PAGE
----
Always and Never in belief statements

Forums Questions on PSTEC Packages Belief Blasters Always and Never in belief statements

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    Russell Cronberg
    PSTEC User

      Hi All, I recently purchased the Belief Blasters package and have been working on 1-2 beliefs per day and have noticed some encouraging results.  However I'm a bit stumped on how to rephrase limiting beliefs that contain the words “always” and “never”.  I've noticed that much of my negative inner dialog is some variation of “you'll never have that” or “this always happens to me”.

      Examples:  I see or meet an attractive woman and rather than being excited about the possibilities of meeting her my inner voice will say (in a very negative and snarky tone) “you'll never be with someone like that”.

      Other times things will happen that are nothing more than everyday bad luck (I spill my coffee, I take a wrong turn while driving, a friend cancels plans with me) and that same negative voice will say “this always happens to me”.

      These are obviously two very global limiting beliefs but I'd like to work on them with the belief blasters.  How would I rephrase them to the negative tense?

      Present:  “You'll never get that”
      Past “I have never had that”?  This doesn't feel quite right since often times the things I doubt I will get I HAVE HAD at some point in the past.  I'm just pessimistic that I will have them again in the future.

      Present:  “This always happens to me”
      Past:  “This has always happened to me”  Again, this doesn't feel quite right.  Would something like “This used to always happen to me” be more effective?

      With both of the above limiting beliefs it's very easy to feel their emotional charge.  However when I read the rewritten past tense beliefs I don't feel any emotion towards them.

      Thanks in advance!

      Brian Tucker
      PSTEC User

        You'll never get that aka I'm not worthy or I haven't been worthy and also I'm not good enough. Try those both

        This always happens to me –  ask yourself why this always happens to me and look for the answer “because” and look for an I am or I was etc. Then clear the result of the because. E.g. this always happens to me because I am a klutz or because I am stupid or because I am a lost etc.

        Tomas Zobal
        PSTEC User

          Examples:  I see or meet an attractive woman and rather than being excited about the possibilities of meeting her my inner voice will say (in a very negative and snarky tone) “you'll never be with someone like that”.

          In addition to what Brian suggested (not being worthy or good enough), perhaps you could also use something along the lines  “attractive women haven't been interested in me”.

          Paul McCabe
          PSTEC Pro and Forum Moderator

            Hi Rucron,

            As Brian has pointed out, there are likely beliefs propping up/supporting your negative expectation(s).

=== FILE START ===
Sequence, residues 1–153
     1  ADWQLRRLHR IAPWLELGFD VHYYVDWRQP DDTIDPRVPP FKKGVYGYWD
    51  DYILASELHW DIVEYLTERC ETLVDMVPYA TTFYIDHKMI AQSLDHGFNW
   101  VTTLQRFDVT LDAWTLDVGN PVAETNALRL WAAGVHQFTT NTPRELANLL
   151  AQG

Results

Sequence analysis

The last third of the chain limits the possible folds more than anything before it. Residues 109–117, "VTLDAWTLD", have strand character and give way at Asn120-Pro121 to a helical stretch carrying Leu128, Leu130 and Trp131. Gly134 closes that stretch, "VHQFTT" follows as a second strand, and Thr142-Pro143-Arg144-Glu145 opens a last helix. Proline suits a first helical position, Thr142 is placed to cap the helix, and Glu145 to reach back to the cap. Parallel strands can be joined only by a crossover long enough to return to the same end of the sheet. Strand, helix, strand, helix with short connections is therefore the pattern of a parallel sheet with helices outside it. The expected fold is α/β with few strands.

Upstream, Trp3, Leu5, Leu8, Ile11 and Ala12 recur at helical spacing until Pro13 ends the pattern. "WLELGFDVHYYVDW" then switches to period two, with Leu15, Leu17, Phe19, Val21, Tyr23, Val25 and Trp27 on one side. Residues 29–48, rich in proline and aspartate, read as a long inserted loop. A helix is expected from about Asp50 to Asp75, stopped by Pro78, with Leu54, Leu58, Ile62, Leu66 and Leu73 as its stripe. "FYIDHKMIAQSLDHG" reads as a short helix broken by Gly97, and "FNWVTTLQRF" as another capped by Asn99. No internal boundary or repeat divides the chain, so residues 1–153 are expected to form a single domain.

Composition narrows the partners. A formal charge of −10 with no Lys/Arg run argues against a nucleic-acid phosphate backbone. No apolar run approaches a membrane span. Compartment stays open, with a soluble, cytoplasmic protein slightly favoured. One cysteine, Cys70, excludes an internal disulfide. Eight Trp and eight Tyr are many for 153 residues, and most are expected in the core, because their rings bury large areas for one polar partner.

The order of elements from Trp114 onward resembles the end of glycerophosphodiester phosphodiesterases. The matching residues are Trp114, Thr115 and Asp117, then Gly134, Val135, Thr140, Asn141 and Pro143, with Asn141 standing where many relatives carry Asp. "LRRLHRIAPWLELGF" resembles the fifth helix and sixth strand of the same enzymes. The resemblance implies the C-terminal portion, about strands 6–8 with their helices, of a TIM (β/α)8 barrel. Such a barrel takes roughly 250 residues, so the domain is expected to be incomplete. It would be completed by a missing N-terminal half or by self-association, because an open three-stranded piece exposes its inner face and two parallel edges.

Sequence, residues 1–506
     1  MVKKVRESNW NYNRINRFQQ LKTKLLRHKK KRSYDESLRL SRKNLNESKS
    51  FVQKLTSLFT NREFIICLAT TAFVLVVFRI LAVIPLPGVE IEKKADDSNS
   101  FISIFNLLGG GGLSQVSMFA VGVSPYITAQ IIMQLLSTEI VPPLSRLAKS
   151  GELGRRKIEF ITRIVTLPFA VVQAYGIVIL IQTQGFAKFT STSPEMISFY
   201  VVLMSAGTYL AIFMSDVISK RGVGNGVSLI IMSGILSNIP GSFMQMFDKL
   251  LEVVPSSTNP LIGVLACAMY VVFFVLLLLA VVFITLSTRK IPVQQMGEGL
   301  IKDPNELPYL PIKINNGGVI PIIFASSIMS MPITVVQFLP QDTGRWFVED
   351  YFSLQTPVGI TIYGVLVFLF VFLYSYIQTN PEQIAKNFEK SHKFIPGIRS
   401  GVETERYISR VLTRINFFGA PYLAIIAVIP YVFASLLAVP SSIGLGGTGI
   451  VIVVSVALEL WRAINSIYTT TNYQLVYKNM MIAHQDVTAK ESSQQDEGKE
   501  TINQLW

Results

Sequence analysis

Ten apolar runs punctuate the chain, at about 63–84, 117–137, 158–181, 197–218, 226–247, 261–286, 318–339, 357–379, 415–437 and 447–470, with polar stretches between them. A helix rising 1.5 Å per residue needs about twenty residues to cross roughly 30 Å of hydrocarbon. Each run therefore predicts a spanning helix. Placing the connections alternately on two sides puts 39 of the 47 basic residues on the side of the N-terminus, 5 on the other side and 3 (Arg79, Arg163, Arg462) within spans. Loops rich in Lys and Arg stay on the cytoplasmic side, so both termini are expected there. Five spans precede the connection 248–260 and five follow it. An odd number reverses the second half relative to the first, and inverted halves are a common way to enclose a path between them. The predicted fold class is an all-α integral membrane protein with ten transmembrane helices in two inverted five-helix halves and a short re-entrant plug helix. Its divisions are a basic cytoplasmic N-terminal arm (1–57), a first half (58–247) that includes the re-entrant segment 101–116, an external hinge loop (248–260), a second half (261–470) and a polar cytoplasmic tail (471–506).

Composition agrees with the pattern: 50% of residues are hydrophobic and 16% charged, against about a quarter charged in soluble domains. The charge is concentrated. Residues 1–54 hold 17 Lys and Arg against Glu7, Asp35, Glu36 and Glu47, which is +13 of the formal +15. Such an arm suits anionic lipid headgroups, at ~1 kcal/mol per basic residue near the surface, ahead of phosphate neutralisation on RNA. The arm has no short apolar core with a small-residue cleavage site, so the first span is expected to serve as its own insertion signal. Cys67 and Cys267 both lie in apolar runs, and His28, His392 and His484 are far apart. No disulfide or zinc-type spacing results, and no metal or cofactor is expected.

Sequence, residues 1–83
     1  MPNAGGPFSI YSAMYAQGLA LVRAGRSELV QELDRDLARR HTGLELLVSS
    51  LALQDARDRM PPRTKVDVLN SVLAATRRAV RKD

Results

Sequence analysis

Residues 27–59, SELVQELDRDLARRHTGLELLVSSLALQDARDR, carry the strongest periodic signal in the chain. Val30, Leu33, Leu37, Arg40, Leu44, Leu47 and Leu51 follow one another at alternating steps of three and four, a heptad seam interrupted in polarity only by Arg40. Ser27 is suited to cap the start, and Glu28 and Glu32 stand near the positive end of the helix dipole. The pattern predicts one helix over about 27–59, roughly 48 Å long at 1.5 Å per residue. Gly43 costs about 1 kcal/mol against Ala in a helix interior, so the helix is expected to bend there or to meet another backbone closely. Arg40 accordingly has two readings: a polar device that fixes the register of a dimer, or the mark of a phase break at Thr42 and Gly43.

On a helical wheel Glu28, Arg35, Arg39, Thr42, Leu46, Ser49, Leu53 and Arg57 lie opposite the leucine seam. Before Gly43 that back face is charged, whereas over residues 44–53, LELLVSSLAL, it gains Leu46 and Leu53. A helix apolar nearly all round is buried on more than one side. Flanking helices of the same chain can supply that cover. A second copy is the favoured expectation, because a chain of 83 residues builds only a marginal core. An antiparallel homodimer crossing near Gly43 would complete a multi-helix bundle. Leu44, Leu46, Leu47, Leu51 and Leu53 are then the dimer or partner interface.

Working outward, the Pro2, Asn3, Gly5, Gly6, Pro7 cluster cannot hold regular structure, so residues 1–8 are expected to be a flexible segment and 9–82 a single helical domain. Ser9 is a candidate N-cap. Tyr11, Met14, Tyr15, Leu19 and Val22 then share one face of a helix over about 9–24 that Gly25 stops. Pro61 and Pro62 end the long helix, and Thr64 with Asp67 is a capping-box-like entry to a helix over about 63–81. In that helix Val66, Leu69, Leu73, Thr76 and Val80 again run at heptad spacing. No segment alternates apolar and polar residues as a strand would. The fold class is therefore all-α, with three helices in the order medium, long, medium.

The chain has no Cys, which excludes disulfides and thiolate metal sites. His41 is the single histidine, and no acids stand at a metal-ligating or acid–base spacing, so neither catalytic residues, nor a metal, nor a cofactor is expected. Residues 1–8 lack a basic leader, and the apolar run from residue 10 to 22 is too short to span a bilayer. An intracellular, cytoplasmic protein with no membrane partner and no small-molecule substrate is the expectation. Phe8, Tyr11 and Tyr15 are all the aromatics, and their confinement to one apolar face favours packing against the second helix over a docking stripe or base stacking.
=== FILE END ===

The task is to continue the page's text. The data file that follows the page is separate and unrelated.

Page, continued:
The counterexample to all statements about the future or expectations is “you cannot know for sure what might happen in the future.” Yet negative expectations might get in the way of us taking certain actions.

            Have you tried CTing these imagined scenarios? I think that is a great starting-point. CT any negative emotions down to 0. In many cases, this can help eliminate the beliefs that feed into the behaviour (compulsive or avoidant).

            You can also play about with the inner voice. Instead of it being “snarky and negative”, you could perhaps alter it so it is high-pitched and positive. The same words delivered with different tonality can produce a different feeling.

            If your inner voice was altered so that it resembled, say, Homer Simpson or Mickey Mouse (for example)…this can shift your perception.

            With CTs and playing with your inner voice, you may find that the voice will be either positive and encouraging…or simply not part of your consciousness.

            “Always” and “never” are gross generalisations. Other people spill coffee or get lost, distracted or make mistakes…and can feel fine about it. What do you believe about yourself or those specific situations to be affected when they happen?

            To put it another way, let's say you spilt coffee on yourself 20 times a day (still not “always”, but subjectively “a lot”)…so what? See if you can pinpoint the pattern.

            As Brian intimated, getting to the core beliefs and eliminating those can transform your experience  of yourself, life, other people and your expectations of all of the aforementioned.

            Please let us know if that helps.


            Paul McCabe – PSTEC Master Practitioner


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            Russell Cronberg
            PSTEC User

              Thanks all, these are some great starting points for me.  After reading the replies and digging down further in my feelings I agree that other beliefs are at play causing these global “always” and “never” statements.  Beliefs such as “I'm unlucky” or “I'm cursed” have come to the surface throughout my life. 

              I remember several years ago while I was in traditional talk therapy my therapist and I would uncover a pattern of negative thinking on my part and he would lament “it's your limiting beliefs that are causing all of this”.  Of course he wasn't much help when I would press him on how to eliminate these beliefs but that's a different story.  :-

              I'm really grateful to Tim for developing such an easy to use, simple tool for attacking these beliefs head on.  I know there's a lot of work ahead now but the happiness is in the journey.  Thanks again!

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